The Trayvon Martin case has remained in the nation’s conscious. Just about every news source is covering the trial and the nation is still dialoging about what should happen to the man who killed him. With the national attention this case has received, I can’t help but think back to Rekia Boyd and wonder why there was such a difference in the coverage of her murder and little to no national outrage or civil mobilization surrounding it.
For many people the Trayvon Martin Case is just another example of how racism exists in “Post- Racial America.” A young, bright, and well-intentioned black male was oversimplified to pervasive definitions on his blackness and killed because of it. I found it inspirational how quickly civil rights organizations, members of the black community, and a number of other entities mobilized on Martin’s behalf. Murdered around the same time, Rekia Boyd, however, did not receive the attention comparable to Martin. On March 22, 2012 Rekia, the young and innocent woman, was killed by an off-duty cop attempting to kill the armed Antonia Cross. Unlike Martin, Rekia received coverage from only a few news stations, most of which referred to her as an unnamed victim. Even after details were released on her name, the media’s coverage of her story was slim. Only after her family won a settlement against the city of Chicago did Boyd receive much attention.
Within the differences in national reactions and continued coverage of Trayvon Martin is a subtle narrative on the gendered experience of black women and masculinization of race issues. While the Martin case became the poster of prejudice and injustice, still quoted and referred to by many prominent black leaders and civil rights activists, Rekia Boyd was simply another black woman victimized by an inherently flawed system. Martin’s murder–that of a black male–became a defining trope on the reality of racism against blacks. On the other hand, Boyd’s murder–that of a black female–did not. This is just one of many examples on the masculinization of race issues in the black community.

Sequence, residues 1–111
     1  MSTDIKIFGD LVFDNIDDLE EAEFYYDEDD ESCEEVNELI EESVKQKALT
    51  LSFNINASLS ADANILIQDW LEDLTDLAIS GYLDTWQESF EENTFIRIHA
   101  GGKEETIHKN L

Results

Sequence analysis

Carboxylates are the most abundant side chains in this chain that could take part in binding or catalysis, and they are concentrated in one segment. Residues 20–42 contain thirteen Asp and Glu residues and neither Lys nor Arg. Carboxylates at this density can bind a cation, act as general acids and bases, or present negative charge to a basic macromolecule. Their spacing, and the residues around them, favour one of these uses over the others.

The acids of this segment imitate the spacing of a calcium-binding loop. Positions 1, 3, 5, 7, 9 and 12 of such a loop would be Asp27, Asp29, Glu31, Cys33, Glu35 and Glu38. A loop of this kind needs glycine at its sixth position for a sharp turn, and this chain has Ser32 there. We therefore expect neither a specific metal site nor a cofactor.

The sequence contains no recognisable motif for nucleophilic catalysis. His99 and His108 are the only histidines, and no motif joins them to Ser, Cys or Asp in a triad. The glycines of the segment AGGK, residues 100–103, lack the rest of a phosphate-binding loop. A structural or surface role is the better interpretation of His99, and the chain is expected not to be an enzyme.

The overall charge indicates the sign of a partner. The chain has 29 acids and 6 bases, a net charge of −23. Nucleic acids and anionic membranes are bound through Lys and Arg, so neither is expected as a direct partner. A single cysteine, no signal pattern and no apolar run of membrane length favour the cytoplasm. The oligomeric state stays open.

The continuously ignored sexual violence against black women is yet another example. In a study done by Black Women’s Blueprint, researchers found that over 60 percent of black girls experienced sexual violence before the age of 18. According to the Department of Justice, for every black women that reports her sexual abuse, at least 15 women do not. Some naively argue that the silence surrounding sexual violence against black women is simply because many women don’t speak out, but I think we should complicate that claim. Let’s jump back to Anita Hill, a woman who was victimized because she spoke out on the sexual harassment she encountered. Instead of focusing on the actual violence Anita Hill and other women experienced, the black community instead rallied behind the black male (Clarence Thomas)-viewed as carrying the bigger burden of being black in America. This patriarchal notion forces black women into submission in order to protect black men who have historically been the more visible victims of race issues like lynchings and racial profiling. The sexual violence many black women encounter, thus, becomes a masculinized race issue in that it becomes more about protecting black men and less about black women’s experience of sexual violence.
The intention of this article is not to discount the injustice Martin received or those of black men in general. I do, however, find it saddening that the experiences of black women are always second to those of men. Black people, as a community, are quick to highlight structural and systematic inequalities, but, through this, are often perpetrators of a similar injustice against black women. This much is clear in comparing national reactions to Boyd versus Martin. Oppression can happen on a variety of scales–whether it be rooted in white privilege, patriarchy, heteronormativity, or class structure–and this fact is typically ignored. Though black men still face racism, they can still be sexist and benefit from patriarchy. The “black struggle” is not a concept specific to black men. Ultimately, the sexual violence black women encounter should not be perceived as a political attack on black men. In order to engage in a truly liberating politic, exclusively masculine racial discourse must be denounced.